I wasn’t finished being confused by that when the God-Empress said, “Otherworlder, will you give me the freedom of your name?”
I didn’t have time to indulge my outrage at her asking such a personal thing of me, God-Empress or no. “I, uh…yes?” I said. “My name is Sesskia.”
“And you may call me Renatha,” said the God-Empress, which provoked a reaction from everyone except, naturally, Cederic.
Remembering what Cederic said about gifts, I said, “Thank you, God—Renatha, it is a generous gift I do not deserve,” and she smiled more widely. I think it was a test.
“You will join me presently, and we will learn more of your magic,” the God-Empress said, and that was some kind of signal that the audience was over. Cederic stood, and we all filed out of the pavilion and back down the stairs. Vorantor and his mages didn’t follow us, which was fortunate because as soon as we were back in the hallway at the bottom of the stairs, everyone started talking at once, and Cederic had to shush them.
“This changes nothing,” he said. “You will turn your efforts toward assisting Sai Vorantor, because now we have a common goal. Summoning the Codex Tiurindi is of paramount importance. It does not matter to whom you owe allegiance.”
“We owe our allegiance to you, Sai Aleynten,” Terrael said.
“That may be, but I have sworn to aid Sai Vorantor, and I instruct you to do as he says,” said Cederic. “That should satisfy the demands of honor.”
“I don’t like it,” said Jaemis. He’s short and wide and looks more like a wrestler than a mage, but his skill at transmutation kathanas is unmatched by any of his peers.
“Liking it is not the issue,” Cederic said. “And remember that you may be watched at any time. Say nothing that will draw unwanted attention. Now, dinner will be served in two hours, so I suggest you use this time to rest so you will be refreshed for the morning’s work.”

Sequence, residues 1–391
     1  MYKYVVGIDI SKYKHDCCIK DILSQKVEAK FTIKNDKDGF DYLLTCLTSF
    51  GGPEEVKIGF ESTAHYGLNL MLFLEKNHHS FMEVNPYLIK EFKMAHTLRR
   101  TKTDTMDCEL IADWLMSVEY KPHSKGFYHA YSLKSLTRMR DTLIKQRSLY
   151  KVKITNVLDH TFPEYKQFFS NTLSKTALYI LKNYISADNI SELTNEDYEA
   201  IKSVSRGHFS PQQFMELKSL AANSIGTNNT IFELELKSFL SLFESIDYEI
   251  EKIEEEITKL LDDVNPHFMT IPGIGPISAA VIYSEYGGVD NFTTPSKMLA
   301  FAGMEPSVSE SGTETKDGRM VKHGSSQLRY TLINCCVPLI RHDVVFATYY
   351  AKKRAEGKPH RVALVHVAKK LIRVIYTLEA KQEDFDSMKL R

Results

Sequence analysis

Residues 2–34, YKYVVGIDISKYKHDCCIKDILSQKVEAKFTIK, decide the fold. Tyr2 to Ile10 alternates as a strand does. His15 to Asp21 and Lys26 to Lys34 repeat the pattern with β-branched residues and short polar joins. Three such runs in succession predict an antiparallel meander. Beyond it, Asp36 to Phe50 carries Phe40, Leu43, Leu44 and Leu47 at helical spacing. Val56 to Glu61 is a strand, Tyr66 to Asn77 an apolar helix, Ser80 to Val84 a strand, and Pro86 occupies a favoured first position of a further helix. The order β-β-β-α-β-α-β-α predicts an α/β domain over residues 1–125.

Everyone grumbled, but they all went to their rooms. Cederic and I went back to the Sais’ wing, but he followed me into my room and said, “That was unexpected. Sharing one’s name with the God-Empress means a sort of kinship. You may be unable to avoid being called often to her presence.”
That frightened me. “What can I do?” I said.
“What you always do. Listen. Speak carefully. Be honest when you can and lie well when you cannot. And at worst, you can slip away from her and we will find another solution,” Cederic said.
“Staying hidden from her forever seems impractical,” I said.
He smiled. “This palace has places no one but a ghost can enter,” he said, “and I daresay you can become a ghost when you want.”
“That’s less encouraging than you think it is,” I said.
“We will worry about it when we come to it,” he said. “I will see you at dinner. And please, Sesskia, if you must wander, do it when no one will be watching.”
Which I did. Dinner was uneventful; the God-Empress, naturally, didn’t dine with us, and the dining room seemed reserved for the use of the mages. I sat with Terrael, Audryn, and Sovrin, and Cederic ate with Vorantor and acted exactly as if they were friends. I don’t think I could be friends with anyone who behaved the way Vorantor had. Fortunately no one was asking me to be friends with him.
to be continued…